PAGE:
ON DECEMBER 3RD McIntyre Partnerships, a hedge fund in New York that normally buys equity and debt securities, told investors it was buying a commodity: uranium. This “slight anomaly” was justified by the metal’s impressive recovery, said its founder, Chris McIntyre. Uranium’s spot price has jumped by 41% since April, to near a two-year high (see chart), following an overdue reduction in supply.
Uranium fell out of favour after the Fukushima nuclear disaster in 2011, which led to plant closures in Japan and Germany and a slowdown in plant-building elsewhere. (Uranium, or plutonium, which is made from it, is an essential nuclear fuel.) Despite the recent surge its price, at $29 a pound ($64 per kilo), is still 60% below the 2011 peak, according to UxC, a consultancy. Production costs will be above that for perhaps three-quarters of this year’s output.
Uranium miners were slow to cut supply in response. Most sales were locked in through long-term contracts pre-dating 2011, so the spot price barely mattered to them. Now, however, those contracts are starting to expire; few extend past 2020. Producers “are finally showing some responsibility”, says an executive at one of the largest mining firms.
Kazatomprom, the largest producer, committed to a 20% cut in December. Cameco, a Canadian rival, then said it would mothball the world’s largest uranium mine, in Saskatchewan, reducing global supply by 11%. It is buying on the spot market to fulfil existing contracts. Paladin Energy, an Australian firm, has gone bust. Meanwhile, consumption is creeping up: this year, global nuclear generation finally recovered to pre-Fukushima levels. Supply and demand are once more near to balance.
Prices are also buoyed by buy-and-hold vehicles like Uranium Trading, in New York, and Yellow Cake, in London, which are sequestering large amounts. Yellow Cake, which listed five months ago, has seen its initial stash grow in value by over a third. Hedge funds are also coming back. Overall, funds account for 16% of spot-market transactions to date this year. “They’re putting oil on the fire,” says Scott Melbye of Uranium Energy, an American firm.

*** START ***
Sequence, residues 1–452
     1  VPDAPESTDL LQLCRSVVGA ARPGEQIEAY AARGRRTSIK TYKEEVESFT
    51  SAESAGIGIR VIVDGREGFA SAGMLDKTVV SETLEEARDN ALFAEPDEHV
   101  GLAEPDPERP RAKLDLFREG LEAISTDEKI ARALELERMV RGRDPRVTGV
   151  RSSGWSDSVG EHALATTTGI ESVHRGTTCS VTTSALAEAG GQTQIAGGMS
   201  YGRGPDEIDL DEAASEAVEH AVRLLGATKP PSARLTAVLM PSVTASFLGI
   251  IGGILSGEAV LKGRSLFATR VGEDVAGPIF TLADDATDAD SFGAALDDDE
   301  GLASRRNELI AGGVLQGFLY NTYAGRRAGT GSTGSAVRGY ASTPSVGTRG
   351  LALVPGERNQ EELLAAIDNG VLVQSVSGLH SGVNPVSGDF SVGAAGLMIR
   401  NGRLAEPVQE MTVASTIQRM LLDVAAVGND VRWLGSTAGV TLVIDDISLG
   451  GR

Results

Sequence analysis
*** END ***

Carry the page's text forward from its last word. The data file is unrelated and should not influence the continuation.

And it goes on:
Hedge funds are fickle. In 2007 their entry into the market buoyed uranium to $136 a pound, says Jonathan Hinze of UXC. Their retreat after the financial crisis helped cause a collapse.
But the long-term trend seems clear. Global demand is expected to rise by 44% by 2035. China has 19 nuclear reactors under construction and 41 more planned. India is building six and considering another 15. Saudi Arabia is seeking to award its first two projects; Egypt, Jordan, Turkey and the United Arab Emirates have announced programmes. All this will require new mines. If they are to be viable, the spot price will eventually have to rise to $50-60, reckons Andre Liebenberg, Yellow Cake’s boss.
A higher uranium price is not much of a worry for customers. Fuel is a far smaller share of operating costs at nuclear plants than at coal- or gas-fired ones. The bigger concern for importing countries is whether supply is secure. On November 26th, in a sign that China’s government is taking the issue seriously, China National Uranium Corporation, a state-backed firm, bought a Namibian mine, guaranteeing itself 3% of global output. The American administration is considering invoking national security to restrict imports and support domestic production.
Big exporters, like Kazakhstan, which supplies two-fifths of global output, are nonetheless sanguine. Demand for uranium is largely unaffected by price. As it becomes dearer, they should be able to have their yellowcake and eat it.